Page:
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Thread: Rabbits and Electrical Wires

  1. #1
    The Surreal Thing AW Moderator Maryn's Avatar
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    Rabbits and Electrical Wires

    I've learned our Thanksgiving houseguest will arrive with a lop-eared rabbit. His cage is generous, but he needs to move freely several times a day. In the past, the alleged 'close supervision' hasn't been quite close enough and we've had things nibbled that we wish hadn't been.

    Kid Two, the rabbit's owner, is especially worried about electrical wires, and damn it, I want to keep the room's lamps this time. I know pet stores sell a bitter-tasting plastic tubing which fits over cords, but we'd need 40 or 50 feet and that's getting pretty expensive to accommodate a rabbit for a few days.

    Is there anything else which might work? Aluminum foil? Styrofoam pipe insulation? A scented spray which is a deterrent (and which humans can stand)? Having The Kid bring her cat, who hates everyone?

    Maryn, willing to spend $15 - $20, no more
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  2. #2
    volitare nequeo AW Moderator veinglory's Avatar
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    The easiest option is to fence off a safe area rather than let the bunny have the run of the place entirely. IMHO I have had free ranging pocket pets and they don't need unsupervised run amok time. They will get by with a fenced in area and/or supervised free ranging time.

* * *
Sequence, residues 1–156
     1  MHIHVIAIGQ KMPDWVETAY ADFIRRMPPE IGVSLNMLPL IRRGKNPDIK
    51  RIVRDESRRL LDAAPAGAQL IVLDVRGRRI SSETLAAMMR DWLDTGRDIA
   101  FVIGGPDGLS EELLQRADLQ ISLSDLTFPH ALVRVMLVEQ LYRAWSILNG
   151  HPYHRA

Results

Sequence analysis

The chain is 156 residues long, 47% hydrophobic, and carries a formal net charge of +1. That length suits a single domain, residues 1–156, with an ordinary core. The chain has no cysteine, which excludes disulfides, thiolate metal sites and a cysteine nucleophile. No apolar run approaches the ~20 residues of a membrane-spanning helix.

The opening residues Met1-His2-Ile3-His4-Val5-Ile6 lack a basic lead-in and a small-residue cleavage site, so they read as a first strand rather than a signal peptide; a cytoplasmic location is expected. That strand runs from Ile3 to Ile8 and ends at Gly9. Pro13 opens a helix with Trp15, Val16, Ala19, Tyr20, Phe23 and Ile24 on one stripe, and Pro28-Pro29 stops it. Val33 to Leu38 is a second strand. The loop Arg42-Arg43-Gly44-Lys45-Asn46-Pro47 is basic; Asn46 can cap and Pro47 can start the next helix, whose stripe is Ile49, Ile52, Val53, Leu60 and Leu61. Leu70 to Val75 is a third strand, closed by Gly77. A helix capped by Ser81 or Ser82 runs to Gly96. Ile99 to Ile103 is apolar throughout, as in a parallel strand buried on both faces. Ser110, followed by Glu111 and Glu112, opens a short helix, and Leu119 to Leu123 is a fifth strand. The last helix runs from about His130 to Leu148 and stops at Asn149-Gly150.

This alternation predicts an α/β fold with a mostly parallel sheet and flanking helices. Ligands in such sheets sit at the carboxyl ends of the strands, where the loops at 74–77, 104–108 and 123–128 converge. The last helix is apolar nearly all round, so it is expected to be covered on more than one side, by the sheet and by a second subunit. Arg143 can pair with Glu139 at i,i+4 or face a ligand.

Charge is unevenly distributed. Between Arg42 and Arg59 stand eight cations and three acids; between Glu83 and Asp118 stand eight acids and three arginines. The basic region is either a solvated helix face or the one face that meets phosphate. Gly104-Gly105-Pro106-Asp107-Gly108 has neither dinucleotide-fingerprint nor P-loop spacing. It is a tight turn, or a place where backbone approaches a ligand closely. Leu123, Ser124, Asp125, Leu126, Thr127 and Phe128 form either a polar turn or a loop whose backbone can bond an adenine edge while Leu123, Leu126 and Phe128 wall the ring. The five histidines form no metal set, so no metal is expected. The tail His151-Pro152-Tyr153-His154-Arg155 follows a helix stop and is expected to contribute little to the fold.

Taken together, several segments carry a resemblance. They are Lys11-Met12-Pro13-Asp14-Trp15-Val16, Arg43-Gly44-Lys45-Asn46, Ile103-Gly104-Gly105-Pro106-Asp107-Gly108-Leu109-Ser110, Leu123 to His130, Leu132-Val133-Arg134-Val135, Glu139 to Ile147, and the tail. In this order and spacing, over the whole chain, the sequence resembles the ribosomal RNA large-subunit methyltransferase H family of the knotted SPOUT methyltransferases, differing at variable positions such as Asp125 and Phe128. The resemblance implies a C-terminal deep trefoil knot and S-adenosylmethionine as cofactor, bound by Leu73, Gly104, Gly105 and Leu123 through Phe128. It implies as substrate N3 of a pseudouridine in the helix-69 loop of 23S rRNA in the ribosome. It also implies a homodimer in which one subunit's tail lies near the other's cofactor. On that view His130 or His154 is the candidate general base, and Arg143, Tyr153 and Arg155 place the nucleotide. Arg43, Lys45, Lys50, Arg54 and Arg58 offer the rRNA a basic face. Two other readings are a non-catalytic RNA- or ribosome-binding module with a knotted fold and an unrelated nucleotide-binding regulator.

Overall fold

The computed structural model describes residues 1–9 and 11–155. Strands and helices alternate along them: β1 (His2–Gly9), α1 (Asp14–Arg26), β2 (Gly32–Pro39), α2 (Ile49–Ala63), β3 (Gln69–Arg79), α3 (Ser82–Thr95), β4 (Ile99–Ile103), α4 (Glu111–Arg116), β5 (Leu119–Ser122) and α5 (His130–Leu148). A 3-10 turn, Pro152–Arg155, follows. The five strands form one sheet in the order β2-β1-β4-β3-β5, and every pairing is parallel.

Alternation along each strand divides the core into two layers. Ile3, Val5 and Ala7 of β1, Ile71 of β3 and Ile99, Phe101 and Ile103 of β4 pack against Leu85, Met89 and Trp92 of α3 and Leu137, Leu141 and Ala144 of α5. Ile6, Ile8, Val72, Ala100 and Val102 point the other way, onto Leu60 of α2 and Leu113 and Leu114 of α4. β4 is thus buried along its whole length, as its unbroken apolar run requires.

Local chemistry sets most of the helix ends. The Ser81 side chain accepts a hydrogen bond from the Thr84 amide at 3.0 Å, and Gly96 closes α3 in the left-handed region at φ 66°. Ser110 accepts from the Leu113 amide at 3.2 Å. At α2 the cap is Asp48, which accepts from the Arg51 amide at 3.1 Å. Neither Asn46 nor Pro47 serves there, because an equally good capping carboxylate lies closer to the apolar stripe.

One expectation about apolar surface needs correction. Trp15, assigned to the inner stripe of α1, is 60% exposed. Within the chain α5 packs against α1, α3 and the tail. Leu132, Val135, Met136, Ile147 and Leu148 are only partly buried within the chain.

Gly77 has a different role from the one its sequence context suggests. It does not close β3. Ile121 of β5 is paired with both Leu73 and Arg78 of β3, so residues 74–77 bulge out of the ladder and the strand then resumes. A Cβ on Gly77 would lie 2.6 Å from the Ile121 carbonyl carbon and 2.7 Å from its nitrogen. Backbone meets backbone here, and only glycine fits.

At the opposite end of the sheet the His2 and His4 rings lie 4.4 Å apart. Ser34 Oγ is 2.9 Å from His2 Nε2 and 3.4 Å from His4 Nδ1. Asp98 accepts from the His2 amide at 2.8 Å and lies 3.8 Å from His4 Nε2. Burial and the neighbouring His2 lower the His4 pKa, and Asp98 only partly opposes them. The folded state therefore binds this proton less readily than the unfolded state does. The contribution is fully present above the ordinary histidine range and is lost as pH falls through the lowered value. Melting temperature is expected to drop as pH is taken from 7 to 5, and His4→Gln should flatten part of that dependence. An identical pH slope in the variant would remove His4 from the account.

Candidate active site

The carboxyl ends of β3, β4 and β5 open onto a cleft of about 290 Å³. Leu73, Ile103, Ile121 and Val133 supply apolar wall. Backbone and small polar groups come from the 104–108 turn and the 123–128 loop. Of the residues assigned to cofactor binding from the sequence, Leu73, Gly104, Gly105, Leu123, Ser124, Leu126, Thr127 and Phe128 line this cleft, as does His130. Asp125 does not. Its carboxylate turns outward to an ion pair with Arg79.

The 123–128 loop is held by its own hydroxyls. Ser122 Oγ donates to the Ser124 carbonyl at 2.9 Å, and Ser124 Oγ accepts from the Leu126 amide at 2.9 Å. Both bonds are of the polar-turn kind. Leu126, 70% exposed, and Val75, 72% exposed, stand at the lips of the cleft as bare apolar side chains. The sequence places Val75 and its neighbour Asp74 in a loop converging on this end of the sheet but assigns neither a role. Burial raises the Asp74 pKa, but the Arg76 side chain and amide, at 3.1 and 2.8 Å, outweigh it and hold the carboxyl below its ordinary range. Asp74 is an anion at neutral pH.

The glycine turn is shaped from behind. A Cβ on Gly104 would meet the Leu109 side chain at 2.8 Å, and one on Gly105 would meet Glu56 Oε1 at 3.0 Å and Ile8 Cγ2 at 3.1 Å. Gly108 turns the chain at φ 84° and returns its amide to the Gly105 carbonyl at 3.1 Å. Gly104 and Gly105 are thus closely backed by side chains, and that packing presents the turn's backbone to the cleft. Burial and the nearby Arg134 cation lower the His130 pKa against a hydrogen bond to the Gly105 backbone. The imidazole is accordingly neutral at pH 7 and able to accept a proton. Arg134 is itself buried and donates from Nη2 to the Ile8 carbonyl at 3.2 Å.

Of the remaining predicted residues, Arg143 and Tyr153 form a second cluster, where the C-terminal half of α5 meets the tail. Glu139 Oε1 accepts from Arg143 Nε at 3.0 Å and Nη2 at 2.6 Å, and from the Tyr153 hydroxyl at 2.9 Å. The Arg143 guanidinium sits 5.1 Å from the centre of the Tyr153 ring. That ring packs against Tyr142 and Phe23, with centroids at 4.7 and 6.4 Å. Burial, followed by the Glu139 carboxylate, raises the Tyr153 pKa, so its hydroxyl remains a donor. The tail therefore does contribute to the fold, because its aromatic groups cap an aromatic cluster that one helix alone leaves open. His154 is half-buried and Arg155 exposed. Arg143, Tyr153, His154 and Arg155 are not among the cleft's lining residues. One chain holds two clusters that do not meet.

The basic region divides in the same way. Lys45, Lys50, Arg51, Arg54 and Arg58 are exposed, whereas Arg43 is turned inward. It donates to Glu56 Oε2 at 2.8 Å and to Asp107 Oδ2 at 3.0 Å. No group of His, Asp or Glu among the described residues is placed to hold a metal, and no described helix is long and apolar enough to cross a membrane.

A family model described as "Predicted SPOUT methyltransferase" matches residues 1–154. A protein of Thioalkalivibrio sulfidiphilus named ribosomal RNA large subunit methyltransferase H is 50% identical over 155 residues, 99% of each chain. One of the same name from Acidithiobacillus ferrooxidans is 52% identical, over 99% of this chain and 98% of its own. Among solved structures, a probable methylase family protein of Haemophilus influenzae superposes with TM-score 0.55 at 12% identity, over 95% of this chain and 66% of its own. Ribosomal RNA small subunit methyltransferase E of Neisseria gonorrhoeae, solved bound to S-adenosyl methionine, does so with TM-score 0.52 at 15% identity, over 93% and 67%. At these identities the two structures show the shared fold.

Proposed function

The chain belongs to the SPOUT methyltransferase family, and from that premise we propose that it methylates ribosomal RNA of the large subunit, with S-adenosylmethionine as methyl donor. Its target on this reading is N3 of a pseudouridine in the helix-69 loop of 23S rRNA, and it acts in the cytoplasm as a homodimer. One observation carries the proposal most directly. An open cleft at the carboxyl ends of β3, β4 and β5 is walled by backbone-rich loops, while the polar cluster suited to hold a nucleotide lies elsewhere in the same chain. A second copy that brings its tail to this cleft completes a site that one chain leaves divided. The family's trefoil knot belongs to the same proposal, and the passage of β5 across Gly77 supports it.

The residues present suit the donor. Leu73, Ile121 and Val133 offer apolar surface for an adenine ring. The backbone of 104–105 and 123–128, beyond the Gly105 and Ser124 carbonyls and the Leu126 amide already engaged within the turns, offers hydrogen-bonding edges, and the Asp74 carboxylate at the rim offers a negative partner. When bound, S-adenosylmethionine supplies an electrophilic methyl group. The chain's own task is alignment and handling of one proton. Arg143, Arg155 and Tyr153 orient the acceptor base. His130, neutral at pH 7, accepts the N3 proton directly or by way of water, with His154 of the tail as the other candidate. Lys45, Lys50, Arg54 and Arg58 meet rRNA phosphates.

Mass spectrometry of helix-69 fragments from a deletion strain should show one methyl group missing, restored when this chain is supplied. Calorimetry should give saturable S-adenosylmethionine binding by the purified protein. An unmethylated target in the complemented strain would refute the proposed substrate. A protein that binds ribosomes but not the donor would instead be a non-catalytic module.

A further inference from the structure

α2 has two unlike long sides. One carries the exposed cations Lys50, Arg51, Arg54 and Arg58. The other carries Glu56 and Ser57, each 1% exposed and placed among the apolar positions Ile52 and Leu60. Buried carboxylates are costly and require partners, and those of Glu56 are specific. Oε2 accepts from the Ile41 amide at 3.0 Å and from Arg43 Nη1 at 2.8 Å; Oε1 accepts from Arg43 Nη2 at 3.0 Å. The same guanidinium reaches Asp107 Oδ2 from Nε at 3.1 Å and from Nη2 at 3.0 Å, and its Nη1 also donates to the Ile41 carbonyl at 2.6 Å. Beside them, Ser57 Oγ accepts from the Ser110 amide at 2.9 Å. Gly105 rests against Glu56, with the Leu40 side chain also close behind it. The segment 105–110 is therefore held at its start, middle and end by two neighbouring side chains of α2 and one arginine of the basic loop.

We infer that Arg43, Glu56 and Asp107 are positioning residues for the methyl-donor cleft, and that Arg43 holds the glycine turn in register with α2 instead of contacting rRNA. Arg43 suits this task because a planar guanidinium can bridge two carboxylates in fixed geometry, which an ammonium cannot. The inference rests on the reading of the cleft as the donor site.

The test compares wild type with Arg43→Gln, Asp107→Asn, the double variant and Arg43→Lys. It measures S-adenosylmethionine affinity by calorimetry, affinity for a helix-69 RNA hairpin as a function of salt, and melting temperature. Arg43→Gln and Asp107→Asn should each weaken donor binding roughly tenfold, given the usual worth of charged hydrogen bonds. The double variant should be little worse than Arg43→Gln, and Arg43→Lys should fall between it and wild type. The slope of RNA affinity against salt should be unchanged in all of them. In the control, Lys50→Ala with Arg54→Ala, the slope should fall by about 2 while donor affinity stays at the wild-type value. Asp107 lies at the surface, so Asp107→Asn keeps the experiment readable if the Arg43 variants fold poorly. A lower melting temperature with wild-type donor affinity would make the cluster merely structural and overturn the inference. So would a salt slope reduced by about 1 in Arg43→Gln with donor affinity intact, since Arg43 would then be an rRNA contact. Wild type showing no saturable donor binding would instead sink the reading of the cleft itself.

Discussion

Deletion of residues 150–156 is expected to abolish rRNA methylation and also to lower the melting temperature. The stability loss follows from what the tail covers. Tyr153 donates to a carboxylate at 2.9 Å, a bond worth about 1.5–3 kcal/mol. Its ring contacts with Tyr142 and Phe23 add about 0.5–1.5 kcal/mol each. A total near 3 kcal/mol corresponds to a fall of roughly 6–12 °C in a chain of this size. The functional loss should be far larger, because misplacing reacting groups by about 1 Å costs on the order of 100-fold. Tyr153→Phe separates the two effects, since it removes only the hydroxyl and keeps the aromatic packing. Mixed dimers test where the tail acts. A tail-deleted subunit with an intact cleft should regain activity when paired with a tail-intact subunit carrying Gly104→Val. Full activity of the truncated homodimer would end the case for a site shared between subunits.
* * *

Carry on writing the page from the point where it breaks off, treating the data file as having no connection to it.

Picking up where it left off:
(Emily, the rabbit grinch)

    (In my experience, nothing will stop a rabbit for chewing on rubber, plastic or even soap if it has the right consistency.)

  3. #3
    Memorial Day Weekend SuperModerator alleycat's Avatar
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    Pet stores sell a spray to keep cats off of furniture; it might work for rabbits as well. They also make "don't bite" wipes that have a bitter taste that can be put on pets so they don't continuously bite at a sore spot. You could try running the wipes down the length of the cords. Neither of these products smell particularly bad, although I don't think they would ever replace Chanel #5.

    I'm afraid veinglory might be right however. I suspect nothing will deter a determined rabbit. I once had some squirrels that tried to eat the siding off of my house.



  4. #4
    Mushroom Polenth's Avatar
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    You're not going to be able to rabbit-proof a house for $20, and it is avoiding the real problem - the rabbit ought to be closely supervised in a non-rabbit-proofed house, and it isn't happening. This is for the rabbit's safety, so it's not optional. Whether you end up being there for the free times, or just lay down the law to the child that rabbit stays in the cage if it doesn't happen, there has to be supervision.
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  5. #5
    The Surreal Thing AW Moderator Maryn's Avatar
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    That's kind of what I'd feared. His own place is fully rabbit-proofed, but a moment's inattention at my house means Iggy is chewing something. Kid Two is a good supervisor until I open the wine, so it's partly my doing, I guess.

    Maybe I should invest in the makings for a temporary pen. It'll cost more than I was thinking of spending, but rabbits live a long time, don't they? Iggy comes here at least once a year, often twice.

    Maryn, whose family drinks and plays board games at holidays
    Kindness. It doesn't cost a damned thing. If you're smart, you'll spread that stuff all over the place.

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  6. #6
    practical experience, FTW